Continuous Integration Build Patterns:
- Use a fresh isolated environment to build the application and control the allocated resources to avoid impacting other builds.
- Automatically release and deploy a new version on every new commit, branch, merge, or pull request.
- Test the weekly builds to identify potential issues proactively instead of waiting for a code update.
- Deploy a hotfix as soon as possible.
- Test the code in staging before moving it to production.
- Deploy the build free of any security vulnerabilities and sensitive data exposure; take action immediately if a severity is defined, and disassociate passwords from the source code.
- Lint and format code to make the source code more readable.
- Run a set of tests automatically on each build to run specific sets periodically.
- Run the tests in the same pattern across different platforms using the same set of test data to compare results.
Continuous Integration Build Anti-Patterns:
- Always use the same environment without handling dependency issues; not optimizing resources for subsequent builds and potentially impacting other builds as well.
- Start a build manually after every sprint or week, depending upon task allocation.
- Schedule a hotfix directly to the production environment.
- Add in sensitive data, like usernames, passwords, tokens, etc., to configuration files.
- Not setting in code quality standards and semantics
- Run tests manually after deployment.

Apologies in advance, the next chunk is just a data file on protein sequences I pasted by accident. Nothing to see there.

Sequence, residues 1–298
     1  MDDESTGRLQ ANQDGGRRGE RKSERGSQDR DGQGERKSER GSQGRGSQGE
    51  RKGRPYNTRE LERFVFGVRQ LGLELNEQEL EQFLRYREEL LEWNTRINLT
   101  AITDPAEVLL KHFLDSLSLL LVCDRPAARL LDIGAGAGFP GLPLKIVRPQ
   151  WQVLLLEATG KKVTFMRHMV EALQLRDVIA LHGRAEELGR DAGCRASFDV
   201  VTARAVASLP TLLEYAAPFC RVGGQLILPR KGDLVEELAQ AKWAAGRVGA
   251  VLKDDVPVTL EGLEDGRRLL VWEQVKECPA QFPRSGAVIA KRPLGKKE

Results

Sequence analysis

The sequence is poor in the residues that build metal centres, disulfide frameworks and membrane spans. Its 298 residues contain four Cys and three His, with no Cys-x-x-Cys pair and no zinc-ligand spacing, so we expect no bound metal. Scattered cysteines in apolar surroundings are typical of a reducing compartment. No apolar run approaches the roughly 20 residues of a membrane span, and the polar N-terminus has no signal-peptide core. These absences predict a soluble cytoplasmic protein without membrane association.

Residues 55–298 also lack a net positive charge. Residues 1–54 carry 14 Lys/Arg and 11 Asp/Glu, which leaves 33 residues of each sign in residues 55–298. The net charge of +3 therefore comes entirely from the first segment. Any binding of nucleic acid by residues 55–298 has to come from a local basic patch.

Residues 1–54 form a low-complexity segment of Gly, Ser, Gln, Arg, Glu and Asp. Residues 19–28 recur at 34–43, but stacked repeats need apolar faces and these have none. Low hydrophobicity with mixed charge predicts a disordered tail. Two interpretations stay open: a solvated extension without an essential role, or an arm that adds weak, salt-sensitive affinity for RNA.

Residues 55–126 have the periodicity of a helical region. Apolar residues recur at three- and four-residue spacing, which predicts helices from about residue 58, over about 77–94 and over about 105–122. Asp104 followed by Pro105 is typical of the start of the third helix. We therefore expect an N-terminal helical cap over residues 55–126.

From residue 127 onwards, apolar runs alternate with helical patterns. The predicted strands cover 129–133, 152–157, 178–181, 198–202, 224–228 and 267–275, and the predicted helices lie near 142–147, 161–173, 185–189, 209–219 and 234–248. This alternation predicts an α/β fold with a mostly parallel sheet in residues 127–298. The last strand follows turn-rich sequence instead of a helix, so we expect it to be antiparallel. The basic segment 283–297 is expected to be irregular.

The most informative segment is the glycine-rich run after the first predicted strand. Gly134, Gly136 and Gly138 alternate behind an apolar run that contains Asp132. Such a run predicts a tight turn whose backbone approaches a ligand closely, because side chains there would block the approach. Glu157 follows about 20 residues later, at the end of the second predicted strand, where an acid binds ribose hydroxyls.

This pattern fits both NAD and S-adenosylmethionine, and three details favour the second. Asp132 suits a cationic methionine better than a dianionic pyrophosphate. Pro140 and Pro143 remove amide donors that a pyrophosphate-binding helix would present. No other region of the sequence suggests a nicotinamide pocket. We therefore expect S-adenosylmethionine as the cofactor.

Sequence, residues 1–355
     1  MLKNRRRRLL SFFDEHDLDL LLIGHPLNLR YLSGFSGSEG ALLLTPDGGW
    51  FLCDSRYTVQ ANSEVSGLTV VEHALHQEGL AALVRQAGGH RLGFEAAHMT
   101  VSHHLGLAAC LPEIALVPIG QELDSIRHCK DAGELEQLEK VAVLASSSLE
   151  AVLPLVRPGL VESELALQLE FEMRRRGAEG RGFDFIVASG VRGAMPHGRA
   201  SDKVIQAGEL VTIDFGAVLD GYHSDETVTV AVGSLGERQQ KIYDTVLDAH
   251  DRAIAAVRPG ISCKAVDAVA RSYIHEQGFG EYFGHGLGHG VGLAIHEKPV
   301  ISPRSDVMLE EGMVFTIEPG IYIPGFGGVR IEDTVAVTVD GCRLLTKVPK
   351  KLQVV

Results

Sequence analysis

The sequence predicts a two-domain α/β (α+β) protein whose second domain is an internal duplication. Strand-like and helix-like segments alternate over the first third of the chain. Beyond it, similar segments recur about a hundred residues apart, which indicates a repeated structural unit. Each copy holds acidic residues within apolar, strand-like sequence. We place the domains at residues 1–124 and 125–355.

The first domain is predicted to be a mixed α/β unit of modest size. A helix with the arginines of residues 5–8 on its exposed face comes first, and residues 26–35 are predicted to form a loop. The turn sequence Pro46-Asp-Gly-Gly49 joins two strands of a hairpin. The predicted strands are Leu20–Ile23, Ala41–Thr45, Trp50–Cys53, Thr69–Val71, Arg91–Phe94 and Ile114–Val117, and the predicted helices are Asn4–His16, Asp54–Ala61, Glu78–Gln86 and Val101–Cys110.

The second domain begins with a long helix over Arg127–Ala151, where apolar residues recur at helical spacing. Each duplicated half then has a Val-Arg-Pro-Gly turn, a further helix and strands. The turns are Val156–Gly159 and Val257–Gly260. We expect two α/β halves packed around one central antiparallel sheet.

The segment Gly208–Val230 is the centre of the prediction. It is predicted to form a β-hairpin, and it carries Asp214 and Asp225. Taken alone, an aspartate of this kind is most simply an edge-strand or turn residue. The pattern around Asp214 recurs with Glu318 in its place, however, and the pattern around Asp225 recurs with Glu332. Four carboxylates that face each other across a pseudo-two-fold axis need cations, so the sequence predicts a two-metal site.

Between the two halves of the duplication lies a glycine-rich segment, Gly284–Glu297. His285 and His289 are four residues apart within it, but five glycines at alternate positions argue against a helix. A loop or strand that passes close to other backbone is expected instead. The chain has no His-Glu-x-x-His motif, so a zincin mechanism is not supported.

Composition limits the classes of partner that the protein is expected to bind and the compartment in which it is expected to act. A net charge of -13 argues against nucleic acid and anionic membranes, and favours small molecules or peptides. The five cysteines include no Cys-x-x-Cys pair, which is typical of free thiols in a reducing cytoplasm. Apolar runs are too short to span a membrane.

- Run a test framework that would fail because of the status of the infrastructure.
Continuous Deployment Software Design Patterns and Anti-Patterns
Continuous deployment enables operations and workflows. The goal is to safely deliver artifacts into the different environments in a repeated fashion with a lesser error rate. The continuous deployment process helps with automating the operational services of releasing, deploying, and monitoring applications.
Validations and Release Management
The delivery phase is an extension of the continuous integration phase where the system needs to handle the automated process of deploying all code changes to a stable test environment to qualify the working functionality of the source code and the working version of the source code before deployment. Learn more about the release pipeline using Azure DevOps.
Continuous Deployment Validation and Release Management Patterns:
- Automate the verification and validation procedure of the released version of the software to include unit, integration, and regression testing.
- Define an enterprise standard release convention for version management and facilitate automation.
- Deploy a hotfix when necessary; test the code in a pre-prod environment before moving it to production.
Continuous Deployment Validation and Release Management Anti-Patterns: